Impoverished Yemen has remained wracked by violence since 2014, when the Houthis - from their historical stronghold in the northern Saada province - overran much of the country, including capital Sanaa.
The newly appointed United Nations envoy to Yemen, Martin Griffiths, speaks to reporters upon his arrival at Sanaa airport in Sanaa, Yemen, March 24, 2018.
"At every step along the way the Houthis will be given opportunities to retreat, to disarm and to come back to the negotiating process", she said. So far, strategic areas have been liberated and retaken from the rebels.
They say they will attempt to keep the port running and can ease the crisis once they seize it by lifting import restrictions they have imposed. The council also voiced deep concern about the risks to the humanitarian situation in Yemen.
The council "urged all sides to uphold their obligations under global humanitarian law".
Nevertheless, the United Nations envoy for Yemen, Martin Griffiths, has continued to hold talks on keeping Hodeidah open and has urged all sides to exercise restraint.
Mr Griffiths is expected to brief the council on Monday, including on his proposals to restart negotiations to restore peace.
Council members reaffirmed "their full support" for Griffiths' efforts.
The UN considers the Yemeni civil war to be the world's worst humanitarian disaster at present.
The fighting comes at a time when Muslims around the world are celebrating the Eid al-Fitr holiday at the end of the holy month of Ramadan. The Saudi-led coalition entered the conflict in March 2015 and has faced criticism for a campaign of airstrikes killing civilians and destroying hospitals and markets.
Earlier this week, Hadi visited Abu Dhabi's powerful crown prince, Mohammed bin Zayed Al Nahyan.
In a statement, he held the United States and Britain responsible for the Saudi-backed attack on the vital port city. The injured are taken to hospitals in Khoukha, Mocha and Aden, the medical official said.
The main port city of Hodeidah is now under control of Saudi-led coalition forces.
Coalition spokespeople said 18 air attacks were fired on the outskirts of Hudaida on Wednesday.
Forces from an alliance of Arab states fought their way to the outskirts of the airport in Yemen's main port city on Friday, as the Eid holiday saw a battle the United Nations fears could trigger a starvation imperilling millions of lives. The rebels have been raining ballistic missiles down on Saudi cities from across the border.
The Pentagon would not say Thursday whether it had rejected the request for support but called Hodeidah "critical to the delivery of humanitarian assistance to relieve the suffering of the Yemeni people".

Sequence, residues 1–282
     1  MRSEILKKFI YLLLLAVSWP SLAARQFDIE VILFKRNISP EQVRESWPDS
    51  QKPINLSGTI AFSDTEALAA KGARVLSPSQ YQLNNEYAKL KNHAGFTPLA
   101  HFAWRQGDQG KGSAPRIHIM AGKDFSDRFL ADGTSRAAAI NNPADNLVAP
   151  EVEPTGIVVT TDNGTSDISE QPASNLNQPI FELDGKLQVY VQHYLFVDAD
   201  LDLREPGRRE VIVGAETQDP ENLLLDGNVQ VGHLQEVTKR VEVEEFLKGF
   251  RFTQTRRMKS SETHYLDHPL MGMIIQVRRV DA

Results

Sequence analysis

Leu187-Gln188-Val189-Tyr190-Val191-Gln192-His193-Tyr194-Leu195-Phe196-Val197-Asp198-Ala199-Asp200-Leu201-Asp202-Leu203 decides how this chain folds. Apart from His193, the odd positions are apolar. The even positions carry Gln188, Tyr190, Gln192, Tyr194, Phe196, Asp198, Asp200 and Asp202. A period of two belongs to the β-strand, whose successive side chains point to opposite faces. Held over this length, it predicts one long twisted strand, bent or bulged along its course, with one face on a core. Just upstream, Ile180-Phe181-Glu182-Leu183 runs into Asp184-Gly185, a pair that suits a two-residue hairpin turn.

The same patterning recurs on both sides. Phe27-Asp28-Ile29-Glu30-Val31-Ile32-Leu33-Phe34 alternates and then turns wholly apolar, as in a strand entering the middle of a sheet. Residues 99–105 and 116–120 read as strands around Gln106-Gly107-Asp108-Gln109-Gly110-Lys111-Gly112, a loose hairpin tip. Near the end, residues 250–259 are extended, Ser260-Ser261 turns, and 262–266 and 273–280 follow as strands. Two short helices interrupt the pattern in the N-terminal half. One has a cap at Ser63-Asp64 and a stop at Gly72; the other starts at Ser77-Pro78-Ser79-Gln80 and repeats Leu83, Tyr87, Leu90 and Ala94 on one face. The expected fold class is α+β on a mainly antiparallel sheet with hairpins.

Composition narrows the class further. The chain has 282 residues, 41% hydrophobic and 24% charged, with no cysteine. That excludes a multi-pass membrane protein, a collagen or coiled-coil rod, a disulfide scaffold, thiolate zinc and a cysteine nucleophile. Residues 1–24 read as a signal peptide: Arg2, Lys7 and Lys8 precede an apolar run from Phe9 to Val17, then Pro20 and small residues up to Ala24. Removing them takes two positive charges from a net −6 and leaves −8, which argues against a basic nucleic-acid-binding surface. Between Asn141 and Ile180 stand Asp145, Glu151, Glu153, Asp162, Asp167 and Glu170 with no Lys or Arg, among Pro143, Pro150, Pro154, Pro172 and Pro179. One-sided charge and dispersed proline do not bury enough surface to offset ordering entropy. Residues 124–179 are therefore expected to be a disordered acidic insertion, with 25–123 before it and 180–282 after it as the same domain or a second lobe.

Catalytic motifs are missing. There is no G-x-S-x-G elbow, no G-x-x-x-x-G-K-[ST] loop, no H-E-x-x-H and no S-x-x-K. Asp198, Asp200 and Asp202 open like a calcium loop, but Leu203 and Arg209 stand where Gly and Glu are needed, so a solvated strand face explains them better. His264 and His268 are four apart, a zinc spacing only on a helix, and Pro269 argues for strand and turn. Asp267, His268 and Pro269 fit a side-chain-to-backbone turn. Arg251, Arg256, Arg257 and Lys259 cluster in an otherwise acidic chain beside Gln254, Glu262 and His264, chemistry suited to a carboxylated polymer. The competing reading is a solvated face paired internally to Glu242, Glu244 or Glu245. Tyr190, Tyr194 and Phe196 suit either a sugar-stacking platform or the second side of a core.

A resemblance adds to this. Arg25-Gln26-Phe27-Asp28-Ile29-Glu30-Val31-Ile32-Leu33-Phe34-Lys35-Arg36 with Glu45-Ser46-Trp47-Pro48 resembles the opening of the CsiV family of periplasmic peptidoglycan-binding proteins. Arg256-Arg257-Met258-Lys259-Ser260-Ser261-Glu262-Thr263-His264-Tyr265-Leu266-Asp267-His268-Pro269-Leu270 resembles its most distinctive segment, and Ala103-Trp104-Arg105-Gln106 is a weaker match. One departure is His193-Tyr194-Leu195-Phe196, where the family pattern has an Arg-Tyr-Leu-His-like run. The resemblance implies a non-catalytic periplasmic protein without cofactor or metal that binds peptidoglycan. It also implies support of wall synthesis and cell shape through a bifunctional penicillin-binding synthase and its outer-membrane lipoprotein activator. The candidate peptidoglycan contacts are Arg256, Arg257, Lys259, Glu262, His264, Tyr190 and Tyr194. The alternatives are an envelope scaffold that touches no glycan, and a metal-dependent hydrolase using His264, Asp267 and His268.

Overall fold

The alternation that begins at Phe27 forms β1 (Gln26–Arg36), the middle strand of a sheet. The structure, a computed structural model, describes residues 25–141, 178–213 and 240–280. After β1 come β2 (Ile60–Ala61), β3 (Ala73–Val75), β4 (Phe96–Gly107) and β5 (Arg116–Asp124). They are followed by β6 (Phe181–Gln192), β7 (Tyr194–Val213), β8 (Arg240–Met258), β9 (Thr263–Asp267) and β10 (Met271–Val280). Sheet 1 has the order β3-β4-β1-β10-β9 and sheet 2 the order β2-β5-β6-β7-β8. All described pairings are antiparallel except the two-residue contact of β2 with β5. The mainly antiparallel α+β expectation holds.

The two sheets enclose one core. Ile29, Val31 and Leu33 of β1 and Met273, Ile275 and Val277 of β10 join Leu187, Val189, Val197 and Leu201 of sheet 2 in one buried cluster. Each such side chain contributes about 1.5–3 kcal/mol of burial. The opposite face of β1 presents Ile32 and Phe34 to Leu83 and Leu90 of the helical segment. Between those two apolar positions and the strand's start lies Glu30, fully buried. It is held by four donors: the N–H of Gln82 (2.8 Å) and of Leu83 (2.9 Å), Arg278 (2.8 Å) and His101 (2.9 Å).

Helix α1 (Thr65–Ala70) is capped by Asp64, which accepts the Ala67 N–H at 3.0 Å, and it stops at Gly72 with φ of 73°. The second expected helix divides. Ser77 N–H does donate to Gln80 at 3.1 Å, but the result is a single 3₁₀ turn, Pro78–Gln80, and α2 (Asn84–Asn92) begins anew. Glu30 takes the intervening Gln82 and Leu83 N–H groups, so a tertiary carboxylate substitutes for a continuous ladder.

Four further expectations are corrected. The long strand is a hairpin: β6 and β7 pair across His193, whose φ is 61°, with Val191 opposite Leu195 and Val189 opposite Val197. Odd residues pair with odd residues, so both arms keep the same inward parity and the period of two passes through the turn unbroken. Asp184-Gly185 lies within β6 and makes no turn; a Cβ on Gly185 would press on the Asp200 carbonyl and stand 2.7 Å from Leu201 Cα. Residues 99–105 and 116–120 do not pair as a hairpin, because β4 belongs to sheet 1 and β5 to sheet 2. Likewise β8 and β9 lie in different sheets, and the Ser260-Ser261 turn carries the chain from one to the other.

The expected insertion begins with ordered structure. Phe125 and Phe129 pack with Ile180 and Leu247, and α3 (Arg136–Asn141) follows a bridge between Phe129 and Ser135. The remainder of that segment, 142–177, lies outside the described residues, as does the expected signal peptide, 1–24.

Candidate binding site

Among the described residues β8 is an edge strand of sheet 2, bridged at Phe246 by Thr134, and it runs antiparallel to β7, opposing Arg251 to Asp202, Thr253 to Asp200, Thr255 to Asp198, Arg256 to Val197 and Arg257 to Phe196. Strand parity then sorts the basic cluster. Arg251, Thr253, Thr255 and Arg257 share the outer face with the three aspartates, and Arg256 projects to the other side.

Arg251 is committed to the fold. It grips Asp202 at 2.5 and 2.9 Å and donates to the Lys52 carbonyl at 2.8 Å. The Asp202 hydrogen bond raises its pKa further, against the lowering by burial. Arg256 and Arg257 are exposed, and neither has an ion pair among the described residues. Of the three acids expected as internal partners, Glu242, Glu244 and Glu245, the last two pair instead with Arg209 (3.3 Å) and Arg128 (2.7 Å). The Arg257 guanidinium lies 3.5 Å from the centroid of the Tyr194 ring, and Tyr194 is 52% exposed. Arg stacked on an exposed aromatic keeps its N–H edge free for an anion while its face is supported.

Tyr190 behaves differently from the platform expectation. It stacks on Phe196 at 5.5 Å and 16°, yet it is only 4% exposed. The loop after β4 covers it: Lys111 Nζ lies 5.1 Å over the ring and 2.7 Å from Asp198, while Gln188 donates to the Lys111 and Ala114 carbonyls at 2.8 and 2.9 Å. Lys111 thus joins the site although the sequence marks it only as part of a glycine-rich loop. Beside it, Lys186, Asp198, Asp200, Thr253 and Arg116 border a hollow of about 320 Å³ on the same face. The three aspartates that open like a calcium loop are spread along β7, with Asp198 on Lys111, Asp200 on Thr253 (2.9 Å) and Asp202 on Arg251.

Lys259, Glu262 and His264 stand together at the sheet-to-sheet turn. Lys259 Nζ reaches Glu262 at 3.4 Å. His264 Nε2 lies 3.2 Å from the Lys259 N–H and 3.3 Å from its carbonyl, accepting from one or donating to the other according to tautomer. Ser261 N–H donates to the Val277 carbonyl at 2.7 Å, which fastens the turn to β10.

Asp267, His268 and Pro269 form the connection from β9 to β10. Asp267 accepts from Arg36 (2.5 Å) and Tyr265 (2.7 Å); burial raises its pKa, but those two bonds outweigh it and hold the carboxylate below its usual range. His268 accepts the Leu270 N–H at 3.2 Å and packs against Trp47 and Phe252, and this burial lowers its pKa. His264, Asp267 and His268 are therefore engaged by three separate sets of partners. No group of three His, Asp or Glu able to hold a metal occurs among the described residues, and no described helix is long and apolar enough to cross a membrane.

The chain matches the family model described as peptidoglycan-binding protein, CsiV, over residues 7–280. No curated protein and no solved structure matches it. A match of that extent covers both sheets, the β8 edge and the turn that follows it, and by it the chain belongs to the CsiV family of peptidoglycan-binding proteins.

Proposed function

Fighting raged near Hudaida airport and al-Durayhmi, a rural area 10km south of the city, UAE's WAM news agency said. "No direct attacks have been reported within Hodeida city itself, despite the overhead presence of fighter jets".
Fighting on the ground is focused on the area around Hodeidah's airport, to the south of the city, and the United Nations reported that aid shipments continued to flow at Hodeidah's port.
Two Saudi and UAE aid ships were in the waters off Hudaida; coalition spokesman Turki al-Maliki told Saudi state media.
The officials declined to give death toll. The official said UAE intelligence indicated that Houthis had mined the port.
It was the second day of an offensive to capture the strategic harbour which is the main entry point for food in a country teetering on the brink of starvation.
A fresh Saudi airstrike on Yemeni city of Sa'ada has killed seven civilians including a woman.
SABA reported late Wednesday the forces captured the town of Nakhilia in the district of ad-Durayhimi about 20 kilometers (12.5 miles) south of Hodeida International Airport.
Huthi urged his troops to "confront the forces of tyranny", warning they would recapture areas taken by pro-government forces by bringing "huge numbers" of fighters to the battle, according to the rebels' Al-Masirah TV. Instead, he suggested, coalition forces would focus on taking the airport, the seaport and the road to the Houthi capital at Sanaa.
Forces advancing on the ground approached the Hodeidah airport, while ambulances wounded a number of the Saudi-backed invading forces wounded in the fighting.